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Thanks for the link, Jarrett! Related to your observations about map-books, I sometimes have a split-second delay in reading clocks, whether analog with hands or digital with numbers. Many years ago I found a little app for Windows 3.1 that displayed the time in words, like "It's almost a quarter to twelve." I found that I could read and understand those with no delay at all! Sadly, I haven't found a similar one for XP, or for my phone. The most useful map-books I've found are the Paris par arrondissement maps, especially for the inner districts, because you can think of each district as a unit. The Michelin one I have splits the larger, outer districts over two maps to maintain a consistent scale. By contrast, the maps-books I have for Westchester, Nassau, Bergen and Hudson Counties in the NYC suburbs are hard to read for the reasons you give, and would be a lot easier if they had one or two pages for every town. Finally, with regards to Ailurin's comment, the "allocentric" and "egocentric" concepts also correspond roughly to Witkin's "field independent" and "field dependent" cognitive styles:
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Another thought-provoking post, and thanks, Russ, for the link to the Vertesi study! I've posted a reaction.
Toggle Commented Oct 26, 2009 on confessions of a spatial navigator at Human Transit
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I'm glad you found the interview as interesting as I did! In response to your post, I wrote another post describing some of what I love about the Paris suburbs.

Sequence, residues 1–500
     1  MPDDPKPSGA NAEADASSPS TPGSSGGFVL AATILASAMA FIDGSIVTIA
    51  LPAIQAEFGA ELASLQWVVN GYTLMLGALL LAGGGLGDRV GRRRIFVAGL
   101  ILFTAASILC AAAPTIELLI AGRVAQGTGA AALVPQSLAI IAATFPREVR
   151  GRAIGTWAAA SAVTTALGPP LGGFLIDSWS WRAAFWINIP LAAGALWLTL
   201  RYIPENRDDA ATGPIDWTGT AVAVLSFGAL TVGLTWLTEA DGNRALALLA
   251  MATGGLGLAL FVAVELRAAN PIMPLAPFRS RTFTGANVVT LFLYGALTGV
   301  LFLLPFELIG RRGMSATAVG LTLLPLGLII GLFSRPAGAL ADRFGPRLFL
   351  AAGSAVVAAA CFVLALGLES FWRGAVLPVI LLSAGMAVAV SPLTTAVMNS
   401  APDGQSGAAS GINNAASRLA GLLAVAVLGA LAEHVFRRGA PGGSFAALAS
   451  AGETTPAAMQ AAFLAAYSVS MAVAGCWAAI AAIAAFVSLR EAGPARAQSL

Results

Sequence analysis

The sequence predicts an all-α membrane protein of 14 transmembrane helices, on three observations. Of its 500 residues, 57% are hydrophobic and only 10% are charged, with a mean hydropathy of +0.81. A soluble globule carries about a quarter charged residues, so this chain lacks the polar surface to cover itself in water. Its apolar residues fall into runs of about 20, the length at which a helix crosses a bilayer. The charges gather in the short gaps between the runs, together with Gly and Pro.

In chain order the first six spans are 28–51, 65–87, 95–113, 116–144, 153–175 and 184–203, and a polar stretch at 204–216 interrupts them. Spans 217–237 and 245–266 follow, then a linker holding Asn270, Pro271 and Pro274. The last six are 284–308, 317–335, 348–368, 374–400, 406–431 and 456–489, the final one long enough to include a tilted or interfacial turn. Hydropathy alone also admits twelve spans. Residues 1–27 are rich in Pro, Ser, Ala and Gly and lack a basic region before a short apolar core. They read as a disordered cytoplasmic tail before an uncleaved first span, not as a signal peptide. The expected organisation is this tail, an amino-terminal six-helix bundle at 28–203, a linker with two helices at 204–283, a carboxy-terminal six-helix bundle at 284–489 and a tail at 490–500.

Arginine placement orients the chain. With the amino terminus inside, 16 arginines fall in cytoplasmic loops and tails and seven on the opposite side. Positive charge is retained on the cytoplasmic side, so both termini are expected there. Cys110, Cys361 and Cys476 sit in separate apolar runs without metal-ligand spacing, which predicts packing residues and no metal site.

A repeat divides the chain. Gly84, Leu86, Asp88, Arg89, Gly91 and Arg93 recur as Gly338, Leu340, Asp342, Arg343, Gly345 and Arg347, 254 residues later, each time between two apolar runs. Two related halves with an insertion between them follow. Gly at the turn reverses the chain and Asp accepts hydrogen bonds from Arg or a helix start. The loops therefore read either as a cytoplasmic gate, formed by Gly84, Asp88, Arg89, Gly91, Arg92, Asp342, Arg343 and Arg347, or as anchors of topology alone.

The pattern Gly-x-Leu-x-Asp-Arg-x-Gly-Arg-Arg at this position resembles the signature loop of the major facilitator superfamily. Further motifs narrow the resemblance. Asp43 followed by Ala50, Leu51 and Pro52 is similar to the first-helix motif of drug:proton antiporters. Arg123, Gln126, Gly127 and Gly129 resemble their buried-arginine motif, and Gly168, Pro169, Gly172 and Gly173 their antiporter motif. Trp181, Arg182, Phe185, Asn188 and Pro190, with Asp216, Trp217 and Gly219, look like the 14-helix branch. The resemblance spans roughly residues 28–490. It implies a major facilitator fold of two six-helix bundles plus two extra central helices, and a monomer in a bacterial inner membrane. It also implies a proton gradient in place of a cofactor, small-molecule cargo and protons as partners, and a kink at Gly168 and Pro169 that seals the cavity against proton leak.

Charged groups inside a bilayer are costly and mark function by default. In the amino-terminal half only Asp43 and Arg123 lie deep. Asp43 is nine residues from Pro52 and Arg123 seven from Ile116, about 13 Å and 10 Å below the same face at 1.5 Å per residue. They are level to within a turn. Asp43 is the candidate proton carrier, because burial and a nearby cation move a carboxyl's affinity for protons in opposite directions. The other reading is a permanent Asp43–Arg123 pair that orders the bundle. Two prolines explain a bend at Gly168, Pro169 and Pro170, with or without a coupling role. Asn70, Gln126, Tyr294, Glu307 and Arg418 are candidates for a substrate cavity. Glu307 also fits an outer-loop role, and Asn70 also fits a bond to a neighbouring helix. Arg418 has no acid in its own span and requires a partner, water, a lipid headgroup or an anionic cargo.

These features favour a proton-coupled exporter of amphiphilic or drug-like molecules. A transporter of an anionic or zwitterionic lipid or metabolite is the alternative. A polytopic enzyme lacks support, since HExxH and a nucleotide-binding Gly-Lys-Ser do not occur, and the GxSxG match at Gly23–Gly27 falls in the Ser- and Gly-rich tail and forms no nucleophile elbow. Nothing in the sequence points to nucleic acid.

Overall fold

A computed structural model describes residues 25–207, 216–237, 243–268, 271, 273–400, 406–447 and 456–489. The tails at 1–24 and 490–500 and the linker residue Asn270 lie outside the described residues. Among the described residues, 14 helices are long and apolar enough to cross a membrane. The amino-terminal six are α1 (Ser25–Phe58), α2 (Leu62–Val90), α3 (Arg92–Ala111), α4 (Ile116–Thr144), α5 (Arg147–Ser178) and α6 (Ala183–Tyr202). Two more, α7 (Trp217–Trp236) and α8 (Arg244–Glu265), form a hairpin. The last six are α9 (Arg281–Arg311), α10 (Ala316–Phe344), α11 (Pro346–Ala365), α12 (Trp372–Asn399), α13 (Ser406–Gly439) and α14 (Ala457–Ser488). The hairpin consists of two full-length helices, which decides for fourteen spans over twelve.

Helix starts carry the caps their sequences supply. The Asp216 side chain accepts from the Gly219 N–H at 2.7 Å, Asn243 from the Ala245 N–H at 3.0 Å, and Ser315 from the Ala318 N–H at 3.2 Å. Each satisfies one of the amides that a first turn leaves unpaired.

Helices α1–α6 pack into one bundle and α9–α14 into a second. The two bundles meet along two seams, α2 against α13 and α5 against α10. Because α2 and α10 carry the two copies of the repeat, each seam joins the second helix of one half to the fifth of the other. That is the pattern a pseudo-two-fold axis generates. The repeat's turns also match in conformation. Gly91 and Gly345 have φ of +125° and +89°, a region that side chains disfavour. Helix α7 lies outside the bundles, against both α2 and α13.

Toggle Commented Oct 11, 2009 on getting beyond paris (or your city) at Human Transit
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This is a fascinating post, especially since I'm planning to talk to my class about levels of detail on Friday. In fact, I learned about the value of different levels of description in my class with Jacques Filliolet at Nanterre. I actually don't remember ever paying attention to the branch numbers - odd/even or beyond; I just knew that the trains that went to Saint-Germain always stopped at Nanterre-Université. The RER and Transilien have an additional level of detail for employees, transit geeks and customers who are regular enough to pay attention to things like this. Every train has a four-letter route code. These codes are shown in the posted schedules, in the platform departure boards, and in LEDs on the front of the train itself. The first of the four letters always indicates the actual terminus of that run, not the end of the line. The others are usually chosen to be as pronounceable as possible (like YGOR), and each combination is assigned to a particular sequence of stops. So for example, the Saint-Germain branch of the A line (PDF) starts the morning with eight ZEBU runs about fifteen minutes apart. These make all stops between Boissy and Saint-Germain. Just before 7AM, as things start to get a bit busy, they alternate between ZARA, which goes from La Varenne-Chennevières to Saint-Germain skipping two stops in Chatou and Le Vésinet, and XUTI, which goes from Boissy to Le Vésinet-Le Pecq skipping Nanterre-Ville. At around 8AM, an YCAR route from Torcy to Rueil is added to the mix. Shortly before 9AM, they go back to the all-stops ZEBU run every ten minutes for the midday period. You can read the rest yourselves. Regulars on the Long Island Railroad, for example, always know that the 6:36 to Wantagh skips Lynbrook, but the 6:46 to Babylon stops there. The four-letter designation allows regulars in Paris to know that the 6:45 and 6:55 ZINC trains out of Etoile won't stop at Chatou, so they need to be on the 6:50 XOUD run.
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